Who are these people that you'd like to work for? What do they need? Why are they of interest to you? What can you do for them? Why would you do it for them in the way that you envision? What do they stand to gain from dealing with you?
Put the answers to all these questions in your top 10 list of decisive factors, and let's move on.
Now let's think about you.
Based on an assessment of your best skills, which probably by now you've figured out by listing them time and again inside those forms in the best job search engines out there, go ahead and use your list of decisive factors to stay focused on who you're in a strong position to pursue and who you're not to pursue.
In other words, look at yourself and what you do best, and weed out the kind of people who you just can't be your best at helping.
Filter out the kinds that you'd like to help, but that you know you don't have a strong ability to serve well. Focus on those kinds who you know you definitely could help with the talents that you have.
Think of this smaller list of decisive factors as defining a job opportunity space that you've created for yourself based on who you want to serve and your own strengths as a worker.
Let's call this your work opportunity space, which is made up of the attributes defining the best types of people who you believe you can help also the best. It is a group of people who we will call your "target customer."
Investigate Your Target Customers Just Like You Do The Companies Most Likely To Hire YouIt's time to research this group of people just like you'd research any market to identify and select a bloc of specific individuals who meet your decisive criteria.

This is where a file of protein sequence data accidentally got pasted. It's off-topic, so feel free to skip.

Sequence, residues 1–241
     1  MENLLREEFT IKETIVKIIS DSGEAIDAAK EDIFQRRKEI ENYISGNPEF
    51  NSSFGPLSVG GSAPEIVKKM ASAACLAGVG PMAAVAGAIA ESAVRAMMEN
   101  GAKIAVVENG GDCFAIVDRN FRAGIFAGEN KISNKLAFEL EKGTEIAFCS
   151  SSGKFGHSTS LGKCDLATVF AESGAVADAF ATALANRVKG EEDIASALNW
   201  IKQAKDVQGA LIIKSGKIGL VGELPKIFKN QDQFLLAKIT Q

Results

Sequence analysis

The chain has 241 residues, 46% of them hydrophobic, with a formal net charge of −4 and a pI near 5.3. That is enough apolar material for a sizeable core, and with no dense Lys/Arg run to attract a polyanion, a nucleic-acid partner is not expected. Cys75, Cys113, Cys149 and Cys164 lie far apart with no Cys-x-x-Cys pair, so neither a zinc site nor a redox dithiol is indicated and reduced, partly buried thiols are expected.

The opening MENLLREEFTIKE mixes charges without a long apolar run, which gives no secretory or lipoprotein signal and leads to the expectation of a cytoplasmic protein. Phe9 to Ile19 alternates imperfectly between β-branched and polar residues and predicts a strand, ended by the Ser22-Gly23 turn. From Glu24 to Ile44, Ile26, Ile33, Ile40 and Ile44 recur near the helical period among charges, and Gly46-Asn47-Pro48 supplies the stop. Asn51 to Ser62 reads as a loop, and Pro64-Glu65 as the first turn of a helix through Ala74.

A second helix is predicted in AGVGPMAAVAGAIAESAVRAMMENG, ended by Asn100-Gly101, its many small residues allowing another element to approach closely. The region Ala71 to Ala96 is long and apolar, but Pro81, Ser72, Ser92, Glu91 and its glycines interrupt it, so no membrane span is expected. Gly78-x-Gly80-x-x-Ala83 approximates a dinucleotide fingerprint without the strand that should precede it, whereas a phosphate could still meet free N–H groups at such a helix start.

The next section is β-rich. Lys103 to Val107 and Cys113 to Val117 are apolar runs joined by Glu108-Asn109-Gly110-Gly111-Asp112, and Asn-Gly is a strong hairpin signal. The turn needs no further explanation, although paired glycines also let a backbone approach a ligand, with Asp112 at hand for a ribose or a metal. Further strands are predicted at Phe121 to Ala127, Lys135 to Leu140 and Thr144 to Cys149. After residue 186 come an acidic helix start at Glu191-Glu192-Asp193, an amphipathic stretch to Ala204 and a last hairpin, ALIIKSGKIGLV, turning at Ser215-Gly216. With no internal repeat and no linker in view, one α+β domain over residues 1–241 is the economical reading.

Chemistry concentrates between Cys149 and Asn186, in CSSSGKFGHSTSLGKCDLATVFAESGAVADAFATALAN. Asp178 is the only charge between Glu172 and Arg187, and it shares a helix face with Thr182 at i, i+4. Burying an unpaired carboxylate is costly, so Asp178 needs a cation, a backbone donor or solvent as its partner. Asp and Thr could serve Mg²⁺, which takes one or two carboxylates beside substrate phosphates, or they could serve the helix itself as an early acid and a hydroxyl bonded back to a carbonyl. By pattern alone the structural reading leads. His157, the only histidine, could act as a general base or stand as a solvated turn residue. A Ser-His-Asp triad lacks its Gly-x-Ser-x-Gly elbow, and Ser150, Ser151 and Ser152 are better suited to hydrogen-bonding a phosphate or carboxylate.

You want to study this bloc of people in depth. Visit their blogs and associations. Check out where they congregate and what they do there. Listen to their spokespeople and anyone who publishes information about them on their behalf.
Don't get information only second-hand. Reach out to some of them at random and get some primary information directly yourself.
If you're choosing a bloc of people who are already in well defined groups, because may be they share behavior, ethnicity, age, income levels, likes and dislikes, etc., then look up information about them online or via your local county library.
Ask help from the reference desk. Don't skimp on research! This is the same step that you'd follow if you were researching target companies to work for.
Of course, avoid the best job search engines during this research step!
The Niche With The ItchIt's time to discover a niche in your target customers just like you'd select only a small cluster of potential employers to approach, if you were looking for a job.
Once you have enough knowledge about these people that you've researched, dig a little deeper to identify contacts who you know that may know them.